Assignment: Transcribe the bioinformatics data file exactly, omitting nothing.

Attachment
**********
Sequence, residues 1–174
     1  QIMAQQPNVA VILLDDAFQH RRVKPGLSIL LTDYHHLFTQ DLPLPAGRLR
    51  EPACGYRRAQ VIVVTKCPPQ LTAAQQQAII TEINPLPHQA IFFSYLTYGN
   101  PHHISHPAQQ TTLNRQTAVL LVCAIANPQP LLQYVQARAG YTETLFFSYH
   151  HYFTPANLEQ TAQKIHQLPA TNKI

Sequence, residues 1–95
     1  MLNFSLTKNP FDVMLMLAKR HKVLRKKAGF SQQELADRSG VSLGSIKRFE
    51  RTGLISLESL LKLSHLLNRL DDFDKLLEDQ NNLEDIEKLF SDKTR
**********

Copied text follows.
Sequence, residues 1–174
     1  QIMAQQPNVA VILLDDAFQH RRVKPGLSIL LTDYHHLFTQ DLPLPAGRLR
    51  EPACGYRRAQ VIVVTKCPPQ LTAAQQQAII TEINPLPHQA IFFSYLTYGN
   101  PHHISHPAQQ TTLNRQTAVL LVCAIANPQP LLQYVQARAG YTETLFFSYH
   151  HYFTPANLEQ TAQKIHQLPA TNKI

Sequence, residues 1–95
     1  MLNFSLTKNP FDVMLMLAKR HKVLRKKAGF SQQELADRSG VSLGSIKRFE
    51  RTGLISLESL LKLSHLLNRL DDFDKLLEDQ NNLEDIEKLF SDKTR